(more…)

June Means More Than Just Warmer Weather to MGH/McLean Residents

Posted: June 17th, 2014

June of every year is a significant time for PGY4 residents, and not just because it brings warmer weather. June is the time when PGY4 residents give their Senior Talk, a brief presentation what each resident has learned during their residency before the start their post residency careers. The subject of each talk varies, from an exploration of how shame affects both the patient and the psychiatrist to how creating a genetically modified mouse can help further our understanding of eating disorders. For a complete list of the speakers and their topics, please refer to the bottom of the article.

Additionally, each June the MGH/McLean recognizes some of our residents for their outstanding work in the clinic as well as in the lab. Please see below for the full list of award recipients.

  • Hackett Award – Jennifer Gatchel, MD, PhD
  • Joyce and Richard Tedlow Award – Rachel Ross, MD, PhD
  • Paul Howard Award – Stephanie Cincotta, MD
  • Ed Messner Award – Heather Vestal, MD, MHS
  • Anne Alonso Award – Kathryn Tompkins, MD
  • Mel Kayce Award – Christina Brezing, MD
  • Laughlin Award – Alex Keuroghlian, MD, MSc
  • Outstanding Contribution to Neuroscience Award – Evan Macosko, MD, PhD


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MGH/McLean Alumni and Program Faculty Receives HMS Educator Award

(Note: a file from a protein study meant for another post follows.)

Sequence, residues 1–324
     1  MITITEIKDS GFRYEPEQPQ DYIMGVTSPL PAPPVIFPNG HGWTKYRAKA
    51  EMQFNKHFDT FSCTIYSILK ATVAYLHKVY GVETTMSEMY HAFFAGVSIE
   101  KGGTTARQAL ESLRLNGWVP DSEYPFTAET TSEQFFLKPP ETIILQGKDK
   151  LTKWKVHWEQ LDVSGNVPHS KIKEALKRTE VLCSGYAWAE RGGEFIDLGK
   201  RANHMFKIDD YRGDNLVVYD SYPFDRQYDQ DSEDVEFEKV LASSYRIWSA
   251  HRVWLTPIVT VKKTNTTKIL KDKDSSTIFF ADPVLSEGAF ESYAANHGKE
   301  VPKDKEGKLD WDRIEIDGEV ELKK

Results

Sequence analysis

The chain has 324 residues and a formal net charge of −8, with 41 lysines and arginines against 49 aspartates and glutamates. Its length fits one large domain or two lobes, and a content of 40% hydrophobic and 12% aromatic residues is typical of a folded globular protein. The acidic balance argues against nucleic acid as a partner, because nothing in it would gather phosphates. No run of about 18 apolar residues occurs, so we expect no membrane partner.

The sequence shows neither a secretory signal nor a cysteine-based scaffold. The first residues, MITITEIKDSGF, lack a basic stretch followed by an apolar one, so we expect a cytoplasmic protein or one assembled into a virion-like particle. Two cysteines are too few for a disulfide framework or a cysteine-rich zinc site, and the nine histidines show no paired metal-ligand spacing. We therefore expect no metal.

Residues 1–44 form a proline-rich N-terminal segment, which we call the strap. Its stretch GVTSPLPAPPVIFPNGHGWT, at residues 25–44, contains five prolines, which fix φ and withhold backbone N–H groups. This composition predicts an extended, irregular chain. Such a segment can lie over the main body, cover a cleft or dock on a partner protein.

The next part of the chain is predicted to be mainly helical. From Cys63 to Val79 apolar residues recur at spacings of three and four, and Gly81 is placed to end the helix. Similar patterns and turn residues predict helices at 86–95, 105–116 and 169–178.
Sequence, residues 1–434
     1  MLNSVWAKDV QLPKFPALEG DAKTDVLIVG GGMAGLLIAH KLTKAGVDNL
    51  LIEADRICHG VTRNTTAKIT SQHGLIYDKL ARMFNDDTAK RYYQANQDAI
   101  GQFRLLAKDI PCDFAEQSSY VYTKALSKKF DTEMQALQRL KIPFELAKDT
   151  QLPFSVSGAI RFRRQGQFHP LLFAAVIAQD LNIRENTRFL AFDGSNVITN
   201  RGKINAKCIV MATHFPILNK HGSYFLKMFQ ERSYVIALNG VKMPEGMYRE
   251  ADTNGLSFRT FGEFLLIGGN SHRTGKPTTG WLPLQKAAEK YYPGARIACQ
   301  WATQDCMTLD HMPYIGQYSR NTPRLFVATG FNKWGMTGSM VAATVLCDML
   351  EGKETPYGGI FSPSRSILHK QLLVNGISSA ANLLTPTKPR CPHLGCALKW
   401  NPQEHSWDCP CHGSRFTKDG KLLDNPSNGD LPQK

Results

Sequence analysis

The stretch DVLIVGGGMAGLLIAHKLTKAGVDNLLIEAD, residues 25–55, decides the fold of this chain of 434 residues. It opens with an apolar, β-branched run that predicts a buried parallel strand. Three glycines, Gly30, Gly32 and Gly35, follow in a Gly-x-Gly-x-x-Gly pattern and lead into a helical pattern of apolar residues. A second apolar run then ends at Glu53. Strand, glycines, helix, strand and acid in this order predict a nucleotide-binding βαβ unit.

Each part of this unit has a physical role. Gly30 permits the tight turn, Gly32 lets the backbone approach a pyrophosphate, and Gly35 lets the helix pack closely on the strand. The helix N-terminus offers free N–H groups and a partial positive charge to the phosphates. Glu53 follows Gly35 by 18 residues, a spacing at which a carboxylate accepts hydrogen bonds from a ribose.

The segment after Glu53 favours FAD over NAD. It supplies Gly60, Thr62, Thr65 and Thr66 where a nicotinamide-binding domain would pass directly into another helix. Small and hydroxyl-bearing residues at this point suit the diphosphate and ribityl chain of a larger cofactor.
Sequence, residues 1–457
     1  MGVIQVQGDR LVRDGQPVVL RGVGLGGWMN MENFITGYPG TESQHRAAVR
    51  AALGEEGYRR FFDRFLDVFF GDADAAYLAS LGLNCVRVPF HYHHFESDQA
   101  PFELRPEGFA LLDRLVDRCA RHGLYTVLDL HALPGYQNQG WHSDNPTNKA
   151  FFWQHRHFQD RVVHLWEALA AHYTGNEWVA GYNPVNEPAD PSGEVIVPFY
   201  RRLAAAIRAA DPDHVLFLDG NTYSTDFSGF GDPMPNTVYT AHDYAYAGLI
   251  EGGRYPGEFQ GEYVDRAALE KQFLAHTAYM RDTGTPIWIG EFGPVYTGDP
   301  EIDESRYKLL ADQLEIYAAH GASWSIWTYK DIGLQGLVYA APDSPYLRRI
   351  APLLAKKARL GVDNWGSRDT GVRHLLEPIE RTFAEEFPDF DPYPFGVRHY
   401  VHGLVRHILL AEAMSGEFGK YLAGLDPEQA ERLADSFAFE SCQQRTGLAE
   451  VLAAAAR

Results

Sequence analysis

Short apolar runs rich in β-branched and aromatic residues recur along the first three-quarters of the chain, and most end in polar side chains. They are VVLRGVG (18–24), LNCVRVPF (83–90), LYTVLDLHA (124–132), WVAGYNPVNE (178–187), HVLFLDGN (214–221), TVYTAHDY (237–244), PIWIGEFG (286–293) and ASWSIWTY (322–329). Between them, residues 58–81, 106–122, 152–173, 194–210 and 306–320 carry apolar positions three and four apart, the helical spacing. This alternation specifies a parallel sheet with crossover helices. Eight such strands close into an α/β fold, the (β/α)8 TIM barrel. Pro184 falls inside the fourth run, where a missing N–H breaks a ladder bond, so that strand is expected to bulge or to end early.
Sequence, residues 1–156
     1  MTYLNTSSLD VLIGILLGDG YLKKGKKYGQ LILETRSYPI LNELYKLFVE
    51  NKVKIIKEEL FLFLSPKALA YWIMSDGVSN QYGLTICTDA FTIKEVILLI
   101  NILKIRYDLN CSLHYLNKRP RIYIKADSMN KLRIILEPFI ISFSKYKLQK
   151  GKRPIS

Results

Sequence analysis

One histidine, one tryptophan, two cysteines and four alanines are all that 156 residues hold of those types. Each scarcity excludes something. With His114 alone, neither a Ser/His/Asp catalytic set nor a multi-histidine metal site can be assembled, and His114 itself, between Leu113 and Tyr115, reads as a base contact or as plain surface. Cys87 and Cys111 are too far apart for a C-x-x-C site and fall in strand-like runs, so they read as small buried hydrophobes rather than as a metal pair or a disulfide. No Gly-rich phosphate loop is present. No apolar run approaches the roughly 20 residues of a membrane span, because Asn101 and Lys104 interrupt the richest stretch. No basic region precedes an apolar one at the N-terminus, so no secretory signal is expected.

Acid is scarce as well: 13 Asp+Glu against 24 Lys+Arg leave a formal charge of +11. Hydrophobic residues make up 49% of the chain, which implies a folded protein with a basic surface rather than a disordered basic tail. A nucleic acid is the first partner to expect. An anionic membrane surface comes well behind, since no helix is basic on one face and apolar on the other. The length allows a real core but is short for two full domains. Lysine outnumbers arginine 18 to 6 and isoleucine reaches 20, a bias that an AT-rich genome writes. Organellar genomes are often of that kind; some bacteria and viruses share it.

Posted: April 11th, 2014

The Jonathan F. Borus Outstanding Early Career Educator Award in medical student education has been awarded since 2011 to a junior faculty member at Harvard Medical School who has demonstrated exceptional promise, initiative and commitment in the area of psychiatric education. The award is named in honor of Jonathan F. Borus MD, the Stanley Cobb Distinguished Professor of Psychiatry, Emeritus Chair of Psychiatry at the Brigham and Women’s and Faulkner Hospitals, Director of Medical Education at BWH and Co-Chair of the Partners Education Committee, who has exerted a major and lasting impact on psychiatric undergraduate and graduate education. In addition to being a master educator and educational leader, Borus is known widely for his generous mentorship and outspoken advocacy for generations of trainees who themselves have made important contributions to medical education.

Joseph Stoklosa (pictured above, Class of 2011), psychiatrist in charge of McLean’s Psychotic Disorders Unit, has been selected by the Harvard Medical School (HMS) Psychiatry Executive Committee as the 2014 co-recipient of the Jonathan F. Borus Early Outstanding Early Educator Award.

(more…)

Unraveling the Genetic Factors Behind Schizophrenia

Posted: March 5th, 2014

Image courtesy of Alan Hoofring, Medical Arts Design Section, NIH